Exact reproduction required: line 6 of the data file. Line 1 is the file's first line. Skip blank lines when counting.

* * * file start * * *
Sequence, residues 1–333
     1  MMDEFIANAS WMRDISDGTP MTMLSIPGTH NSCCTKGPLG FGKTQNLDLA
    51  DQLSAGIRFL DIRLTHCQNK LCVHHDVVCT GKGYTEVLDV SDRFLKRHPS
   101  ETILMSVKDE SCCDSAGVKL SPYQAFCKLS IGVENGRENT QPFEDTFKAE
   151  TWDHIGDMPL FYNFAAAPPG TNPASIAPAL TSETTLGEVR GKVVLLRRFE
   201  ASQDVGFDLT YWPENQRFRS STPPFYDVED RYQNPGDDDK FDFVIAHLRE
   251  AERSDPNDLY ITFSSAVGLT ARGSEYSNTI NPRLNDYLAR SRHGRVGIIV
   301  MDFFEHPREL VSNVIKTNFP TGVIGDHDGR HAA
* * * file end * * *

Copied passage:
   201  ASQDVGFDLT YWPENQRFRS STPPFYDVED RYQNPGDDDK FDFVIAHLRE